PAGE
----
‘Our readers, looking at ways to improve the way they run their businesses, so are interested in the technologies and strategies used by their peers,’ says Logistics Business editor Peter MacLeod.
Covering subjects at the top of the agenda in logistics right now – the labour shortage, how to counteract high energy prices, and meeting environmental targets – Peter and his team are focused on keeping the sector informed of any potential trouble ahead and helping them to move forward:
‘Improving the bottom line is always top of the list for the logistics field, so anything that optimises their operations – whether that’s increasing automation levels or finding smarter ways to better utilise available space or reducing vehicle movements – is of interest to them’.
Read on for trends you need to be aware of when planning logistics-related campaigns and how you can work with Logistics Business.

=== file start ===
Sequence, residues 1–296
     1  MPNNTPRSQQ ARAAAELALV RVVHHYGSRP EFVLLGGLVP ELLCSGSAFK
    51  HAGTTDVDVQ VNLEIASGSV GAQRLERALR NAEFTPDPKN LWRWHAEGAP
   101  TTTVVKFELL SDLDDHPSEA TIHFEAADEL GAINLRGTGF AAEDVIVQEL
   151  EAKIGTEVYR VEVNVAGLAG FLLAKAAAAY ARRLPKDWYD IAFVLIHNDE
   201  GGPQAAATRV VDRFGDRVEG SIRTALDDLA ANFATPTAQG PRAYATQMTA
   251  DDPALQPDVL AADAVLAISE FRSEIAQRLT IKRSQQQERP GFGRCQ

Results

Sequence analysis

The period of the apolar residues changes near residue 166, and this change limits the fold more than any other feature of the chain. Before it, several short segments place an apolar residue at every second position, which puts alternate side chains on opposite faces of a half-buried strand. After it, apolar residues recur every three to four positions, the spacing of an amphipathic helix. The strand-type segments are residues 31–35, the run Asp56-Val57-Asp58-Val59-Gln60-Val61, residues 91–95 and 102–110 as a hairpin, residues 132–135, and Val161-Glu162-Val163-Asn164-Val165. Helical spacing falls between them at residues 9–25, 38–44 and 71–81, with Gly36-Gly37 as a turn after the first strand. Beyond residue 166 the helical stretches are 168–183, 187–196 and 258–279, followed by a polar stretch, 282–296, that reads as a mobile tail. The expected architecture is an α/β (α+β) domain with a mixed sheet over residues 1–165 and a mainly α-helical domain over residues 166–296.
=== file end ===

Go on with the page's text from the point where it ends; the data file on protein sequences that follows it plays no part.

How has the logistics sector changed since you’ve been covering it?
When I first started writing about logistics in the early noughties, the warehousing sector was dominated by the forklift truck and racking manufacturers. The majority of operations were performed manually – automated fulfilment systems were only really aimed at high-volume retailers. The advent of ecommerce changed everything, with the big warehouses that were previously configured to send pallets of goods to retail stores having to reshape their operations to satisfy the demands of individual consumers. This is where automation really took off, giving birth to a sub-sector called intralogistics – the technology of warehouse fulfilment. Believe me, there’s considerably more complexity required in a warehouse sending a single item to a single recipient than one sending a pallet of identical boxes to a supermarket.
How do you see the impact of supply chain issues evolving over the next few years in the UK and beyond?